I’ve told you before about my Great Uncle Stan. Mind, it was two years ago, and you’ve had a lot on, so let me jog your memory.
Great Uncle Stan kept a fruit and veg barrow on the Northcote Road. During the war, he spent a lot of time at my Nan’s; once managing to sleep right through an air-raid and waking up to find himself covered in glass from the shattered window beside him. He had a glass eye which he used to take out at night and put in a jar besides his bed, terrifying my Ma – a child at the time.
Equally terrifying is my memory of him, sitting in the corner of a mental institution in the 1970s. He shook uncontrollably; had no idea who we were; couldn’t communicate. He has Parkinson’s, the nurses told us.
I know now that the diagnosis of PD was a bit hit and miss in those days. Also that Uncle Stan liked a pint or two. Nevertheless, that visit fixed for me the image of how Parkinson’s looked. This was the mental picture I took into my neurology consultation the day I was diagnosed. Not good.
Subsequently, I have met and heard about people with Parkinson’s who are a world away from Uncle Stan. The lovely BTMan was one, the neighbour of a friend who came to see me shortly after my diagnosis. He was fifteen years into his condition when I met him: holding down a job, travelling, loving life. He showed me that life after diagnosis was possible.
I presume that those newly diagnosed with any disease have to contend with visions of their condition at its very worst. This summer, people new to PD have, added to their worries, had media reports suggesting that Robin Williams’s death was linked to his PD diagnosis. This must have made a difficult time, extra tricky.
So all hail to The Guardian for bucking the trend this week and publishing an article about Parkinson’s which is both positive and helpful. Written by Eleanor Tucker, it explains that younger people get Parkinson’s too but that generally, once the shock has passed, they just get on with leading a life well worth living. The article is topped by a picture of a smiling Jeremy Wares, who, we are told, was diagnosed at 36. A tough thing to get through, but the caption quotes him as saying, ‘life is good’.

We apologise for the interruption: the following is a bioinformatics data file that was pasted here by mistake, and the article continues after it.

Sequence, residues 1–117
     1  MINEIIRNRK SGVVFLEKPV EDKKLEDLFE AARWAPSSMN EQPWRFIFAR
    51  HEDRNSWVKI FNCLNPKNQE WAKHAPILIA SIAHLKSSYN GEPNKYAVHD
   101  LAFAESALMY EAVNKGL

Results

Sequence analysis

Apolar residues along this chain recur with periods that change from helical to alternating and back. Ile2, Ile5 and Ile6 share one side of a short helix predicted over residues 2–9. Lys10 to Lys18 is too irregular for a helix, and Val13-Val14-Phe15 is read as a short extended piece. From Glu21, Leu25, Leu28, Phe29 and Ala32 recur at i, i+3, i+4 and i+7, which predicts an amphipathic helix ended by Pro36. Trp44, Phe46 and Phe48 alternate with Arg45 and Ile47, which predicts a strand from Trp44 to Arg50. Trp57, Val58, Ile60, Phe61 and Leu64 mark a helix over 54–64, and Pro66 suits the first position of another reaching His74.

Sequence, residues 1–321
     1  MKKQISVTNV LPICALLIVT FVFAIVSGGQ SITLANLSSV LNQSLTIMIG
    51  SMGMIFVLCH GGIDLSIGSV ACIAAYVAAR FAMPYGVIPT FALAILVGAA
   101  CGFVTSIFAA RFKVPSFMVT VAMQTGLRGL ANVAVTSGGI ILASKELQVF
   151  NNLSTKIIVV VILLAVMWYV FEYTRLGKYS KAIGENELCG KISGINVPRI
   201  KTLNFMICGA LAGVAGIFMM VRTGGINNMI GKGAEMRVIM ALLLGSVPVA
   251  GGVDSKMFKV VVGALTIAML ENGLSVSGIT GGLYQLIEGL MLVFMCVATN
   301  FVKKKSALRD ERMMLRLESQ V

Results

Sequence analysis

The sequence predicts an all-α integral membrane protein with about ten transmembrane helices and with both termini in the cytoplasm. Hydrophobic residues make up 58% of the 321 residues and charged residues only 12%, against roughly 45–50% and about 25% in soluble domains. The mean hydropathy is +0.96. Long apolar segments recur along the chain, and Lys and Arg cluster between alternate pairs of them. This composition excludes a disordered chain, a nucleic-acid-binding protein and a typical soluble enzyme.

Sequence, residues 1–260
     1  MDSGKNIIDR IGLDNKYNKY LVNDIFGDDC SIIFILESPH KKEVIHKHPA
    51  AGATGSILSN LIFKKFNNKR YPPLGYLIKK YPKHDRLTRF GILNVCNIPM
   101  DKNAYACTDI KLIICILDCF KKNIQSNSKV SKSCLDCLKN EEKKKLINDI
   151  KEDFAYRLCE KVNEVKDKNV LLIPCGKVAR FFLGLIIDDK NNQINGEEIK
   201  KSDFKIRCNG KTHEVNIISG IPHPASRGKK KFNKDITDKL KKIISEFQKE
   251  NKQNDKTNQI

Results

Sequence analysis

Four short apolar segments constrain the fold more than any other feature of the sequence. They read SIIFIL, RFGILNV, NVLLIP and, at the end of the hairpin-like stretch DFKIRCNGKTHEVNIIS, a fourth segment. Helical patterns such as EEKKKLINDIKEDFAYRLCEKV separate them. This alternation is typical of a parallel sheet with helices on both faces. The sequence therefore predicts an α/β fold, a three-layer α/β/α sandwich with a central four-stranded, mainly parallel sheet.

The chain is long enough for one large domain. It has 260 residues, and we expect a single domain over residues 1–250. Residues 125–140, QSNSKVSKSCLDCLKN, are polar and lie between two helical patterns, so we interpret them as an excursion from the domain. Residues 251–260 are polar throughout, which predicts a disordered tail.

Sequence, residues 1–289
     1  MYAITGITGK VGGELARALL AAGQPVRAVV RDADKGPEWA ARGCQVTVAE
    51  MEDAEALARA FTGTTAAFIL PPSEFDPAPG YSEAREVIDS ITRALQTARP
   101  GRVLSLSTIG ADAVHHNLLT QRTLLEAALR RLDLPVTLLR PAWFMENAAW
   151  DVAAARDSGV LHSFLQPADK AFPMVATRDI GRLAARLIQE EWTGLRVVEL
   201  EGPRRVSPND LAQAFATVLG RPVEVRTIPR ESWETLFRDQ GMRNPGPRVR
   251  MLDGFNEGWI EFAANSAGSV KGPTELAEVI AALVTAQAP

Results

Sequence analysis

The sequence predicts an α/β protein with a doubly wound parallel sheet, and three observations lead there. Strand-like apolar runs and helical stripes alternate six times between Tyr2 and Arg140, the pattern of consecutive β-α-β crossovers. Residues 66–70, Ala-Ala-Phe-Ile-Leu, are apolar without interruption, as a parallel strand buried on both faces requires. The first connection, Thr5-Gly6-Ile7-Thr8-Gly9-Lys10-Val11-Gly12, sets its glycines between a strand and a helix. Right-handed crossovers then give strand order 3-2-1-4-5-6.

Thank you, Jeremy, and to the others featured in Eleanor’s piece. Every hour someone in this country is diagnosed with PD, we’re told: it’s a grim time which can be transformed by encountering someone who has come through it and can still say that life is good.
Another bit of Parkie news that popped up this week was the publication of a study into the significant benefits of Forced Exercise, a tautology if ever I’ve heard one. Apparently, if you’re on a tandem with someone who cycles faster than you, so that you have to pedal more energetically than normal, it’s really good for the dopamine levels. Having always thought of a tandem as a machine which allows someone else to do the work while you do the knitting, it might take a while to integrate this finding into my life.
I’ve added a new widgetty thing to the sidebar on the right of this blog, allowing a search by categories. So, if you’re particularly interested in pieces about Parkinson’s, you can find them more easily without having to wade through teaching anecdotes. The earlier pieces in particular cover my diagnosis, finding the right medication and my involvement in a drugs trial.
A cure is coming closer all the time. Only this week, the Cure Parkinson’s Trust was inviting researchers to apply for help in funding their studies. Yet we know there is even more excellent work that could take place if money were available to fund it. Fortunately, my purchase of a replacement washing line has brought the quest for a cure a stonking 15p closer, thanks to GiveAsYouLive, at no cost to me. Sign up here by clicking on the link.